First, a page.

Old West Recipes Archives

Chuckwagon: Cowboy Coffee Roast

Cowboy Coffee RoastCowboys loved their coffee.  Here’s a recipe where coffee is actually used in cooking a cowboy coffee roast.

Cut slits in a 3 to 5 pound brisket.  Insert garlic and onion into the slits.  Pour one cup of vinegar over the meat, and work it into the slits.  Marinate for 24 to 48 hours – refrigerated, of course.

Place in a Dutch oven.  Pour 2 cups of strong coffee and 2 cups water over the meat.  Simmer for 4 to 6 hours.  If necessary, add water during the cooking.

Chuckwagon: Calf’s Head Soup

Calf’s Head Soup: From an 1879 cookbook.

Chuckwagon: Calf's Head SoupScald and clean the head, and boil in two gallons water with:

A shank of veal. A small piece of bacon.
2 carrots. A bunch of sweet herbs.
3 onions.

When boiled a half hour, cut meat off head and shank. Let the soup boil half an hour longer, and then strain it. Put meat back in the soup and season. Thicken with butter and brown flour.
Let boil an hour longer. Just before serving add tablespoon of sugar browned in frying pan and a half pint wine. Good substitute for turtle soup.

Chuckwagon: Cowboy Corn Muffins For Breakfast

Farmer’s Almanac 1885

    Cowboy Corn MuffinsFor Cowboy Corn Muffins, pour one quart of boiling milk over one pint of fine cornmeal.  While the mixture is still hot, add one tablespoonful of butter and a little salt, stirring the batter thoroughly.  Let is stand until cool, then add a small cup of wheat flour and two well-beaten eggs.  When mixed sufficiently, put the batter into well-greased shallow tins (or, better yet, into gem pans) and bake in a brisk over for one-half hour, or until richly browned.  Serve hot.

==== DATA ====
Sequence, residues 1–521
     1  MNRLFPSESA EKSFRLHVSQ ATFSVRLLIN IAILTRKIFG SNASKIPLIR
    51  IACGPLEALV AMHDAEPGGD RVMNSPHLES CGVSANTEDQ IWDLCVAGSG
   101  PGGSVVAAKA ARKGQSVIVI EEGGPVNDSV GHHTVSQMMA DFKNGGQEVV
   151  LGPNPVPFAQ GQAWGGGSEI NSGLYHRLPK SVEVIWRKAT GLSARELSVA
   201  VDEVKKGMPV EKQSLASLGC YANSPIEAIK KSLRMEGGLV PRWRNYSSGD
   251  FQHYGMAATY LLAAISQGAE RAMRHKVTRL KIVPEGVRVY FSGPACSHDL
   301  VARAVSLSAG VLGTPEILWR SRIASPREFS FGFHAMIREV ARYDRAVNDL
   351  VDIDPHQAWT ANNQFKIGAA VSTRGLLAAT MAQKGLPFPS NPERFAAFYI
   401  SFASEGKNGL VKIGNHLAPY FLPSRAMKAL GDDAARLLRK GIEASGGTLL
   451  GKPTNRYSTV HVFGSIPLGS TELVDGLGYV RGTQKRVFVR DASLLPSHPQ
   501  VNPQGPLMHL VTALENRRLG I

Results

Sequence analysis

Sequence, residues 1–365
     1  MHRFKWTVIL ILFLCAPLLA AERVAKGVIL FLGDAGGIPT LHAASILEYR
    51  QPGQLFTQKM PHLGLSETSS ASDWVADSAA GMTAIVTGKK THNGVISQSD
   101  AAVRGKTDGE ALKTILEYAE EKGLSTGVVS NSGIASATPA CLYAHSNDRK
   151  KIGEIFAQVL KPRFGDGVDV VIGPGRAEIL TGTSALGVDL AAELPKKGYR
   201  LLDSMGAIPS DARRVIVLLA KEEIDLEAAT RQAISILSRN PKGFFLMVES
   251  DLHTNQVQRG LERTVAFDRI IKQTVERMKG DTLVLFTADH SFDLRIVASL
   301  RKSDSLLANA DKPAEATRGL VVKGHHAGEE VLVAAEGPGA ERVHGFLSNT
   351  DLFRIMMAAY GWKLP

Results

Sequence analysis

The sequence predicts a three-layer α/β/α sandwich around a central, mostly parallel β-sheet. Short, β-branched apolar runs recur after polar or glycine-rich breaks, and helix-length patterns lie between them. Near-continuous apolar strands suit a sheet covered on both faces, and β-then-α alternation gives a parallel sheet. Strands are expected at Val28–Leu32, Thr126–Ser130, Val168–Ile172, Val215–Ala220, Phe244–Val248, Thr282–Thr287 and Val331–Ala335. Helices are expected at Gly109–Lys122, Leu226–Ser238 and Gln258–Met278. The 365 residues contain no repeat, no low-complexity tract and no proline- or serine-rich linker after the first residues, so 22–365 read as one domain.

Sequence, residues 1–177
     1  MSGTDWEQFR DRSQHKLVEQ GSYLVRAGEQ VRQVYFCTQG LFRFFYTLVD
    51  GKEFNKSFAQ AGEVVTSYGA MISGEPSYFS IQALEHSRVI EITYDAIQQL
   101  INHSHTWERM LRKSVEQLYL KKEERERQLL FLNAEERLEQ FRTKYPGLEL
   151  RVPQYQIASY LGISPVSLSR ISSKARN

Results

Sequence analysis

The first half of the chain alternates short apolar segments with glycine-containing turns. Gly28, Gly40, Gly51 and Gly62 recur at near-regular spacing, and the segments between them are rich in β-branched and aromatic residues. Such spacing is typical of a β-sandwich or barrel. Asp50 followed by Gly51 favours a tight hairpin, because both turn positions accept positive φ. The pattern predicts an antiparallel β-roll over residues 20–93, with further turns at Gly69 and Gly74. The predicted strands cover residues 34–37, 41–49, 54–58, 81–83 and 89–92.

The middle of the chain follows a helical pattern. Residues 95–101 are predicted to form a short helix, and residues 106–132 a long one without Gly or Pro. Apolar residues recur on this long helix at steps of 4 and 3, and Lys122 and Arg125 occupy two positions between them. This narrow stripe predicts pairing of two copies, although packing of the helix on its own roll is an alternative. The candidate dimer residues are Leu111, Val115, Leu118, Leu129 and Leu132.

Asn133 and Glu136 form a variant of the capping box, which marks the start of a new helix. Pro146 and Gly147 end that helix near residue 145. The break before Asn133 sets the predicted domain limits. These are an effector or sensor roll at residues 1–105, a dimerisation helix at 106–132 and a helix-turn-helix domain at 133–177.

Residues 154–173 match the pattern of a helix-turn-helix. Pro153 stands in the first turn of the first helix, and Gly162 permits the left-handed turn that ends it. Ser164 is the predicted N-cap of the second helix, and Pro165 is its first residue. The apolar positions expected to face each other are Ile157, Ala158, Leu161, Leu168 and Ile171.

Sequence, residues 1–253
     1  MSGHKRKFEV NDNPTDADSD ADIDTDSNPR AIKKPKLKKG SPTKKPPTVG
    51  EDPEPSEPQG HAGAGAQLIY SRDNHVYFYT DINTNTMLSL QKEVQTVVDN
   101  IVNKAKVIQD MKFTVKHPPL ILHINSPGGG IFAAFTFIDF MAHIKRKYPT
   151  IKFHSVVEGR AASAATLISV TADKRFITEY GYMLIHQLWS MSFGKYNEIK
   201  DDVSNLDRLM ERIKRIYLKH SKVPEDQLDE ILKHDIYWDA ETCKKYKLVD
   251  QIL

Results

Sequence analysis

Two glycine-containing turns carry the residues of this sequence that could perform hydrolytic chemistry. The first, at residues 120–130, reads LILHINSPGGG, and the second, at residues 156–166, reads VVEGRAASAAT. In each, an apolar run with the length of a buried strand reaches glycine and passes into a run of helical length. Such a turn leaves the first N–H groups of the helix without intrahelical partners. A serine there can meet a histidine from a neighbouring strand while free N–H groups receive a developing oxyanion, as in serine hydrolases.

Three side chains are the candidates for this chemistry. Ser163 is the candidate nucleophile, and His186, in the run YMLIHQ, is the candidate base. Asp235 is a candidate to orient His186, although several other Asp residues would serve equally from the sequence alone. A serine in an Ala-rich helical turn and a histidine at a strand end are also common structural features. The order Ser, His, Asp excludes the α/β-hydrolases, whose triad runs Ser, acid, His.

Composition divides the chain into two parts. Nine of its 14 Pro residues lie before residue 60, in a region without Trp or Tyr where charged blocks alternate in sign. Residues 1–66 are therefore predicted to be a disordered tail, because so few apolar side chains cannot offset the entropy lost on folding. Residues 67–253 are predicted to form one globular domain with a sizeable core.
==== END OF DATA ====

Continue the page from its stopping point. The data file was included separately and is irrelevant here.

*Courtesy of Chronicle of the Old West newspaper, for more click HERE.

Chuckwagon: Winter Red Flannel Hash

       Red Flannel HashA great way to use left over corned beef is to add a few new ingredients and create Red Flannel Hash.  Who knows who came up with the beets, but it really is colorful, and sticks to the ribs.

            1 ½ Cups chopped corned beef

            1 ½ Cups chopped cooked beets

            1 Medium onion, chopped

            4 Cups chopped cooked potatoes

    Chop ingredients separately, then mix together.  Heat all ingredients in a well- greased skillet, slowly, loosen around the edges, and shake to prevent scorching.  After a nice crust forms on bottom, turn out on a warmed plate and serve.  If it seems a little dry add a little beef broth.  Try with a couple poached eggs, for a hearty meal.

*Courtesy of Chronicle of the Old West newspaper, for more click HERE.

Chuckwagon: Chuckwagon Terms

Chuckwagon TermsChuckwagon Terms:

Wreck pan – The pan in which cowboys placed their dirty dishes following a meal.

Squirrel can – The large can in which cowboys scraped the food scraps before placing them in the wreck pan.

Cook’s last job of the evening – Point the tongue of the chuckwagon toward the north so the herd could “follow the tongue” the next day.

Gut robber, greasy belly, biscuit shooter – Cowboys names for both the ranch house and trail drive cook.

Coffee recipe – A hand full of coffee for every cup of water.

Possum belly – A rawhide apron attached to the underside of the chuckwagon in which wood and buffalo chips are stored for the dinner fire.

Why cooks threw dirty dishwater under chuckwagon – This helped protect the cook’s domain by discouraging cowboys from taking a nap in the shade under the chuckwagon.

*Courtesy of Chronicle of the Old West newspaper, for more click  HERE.

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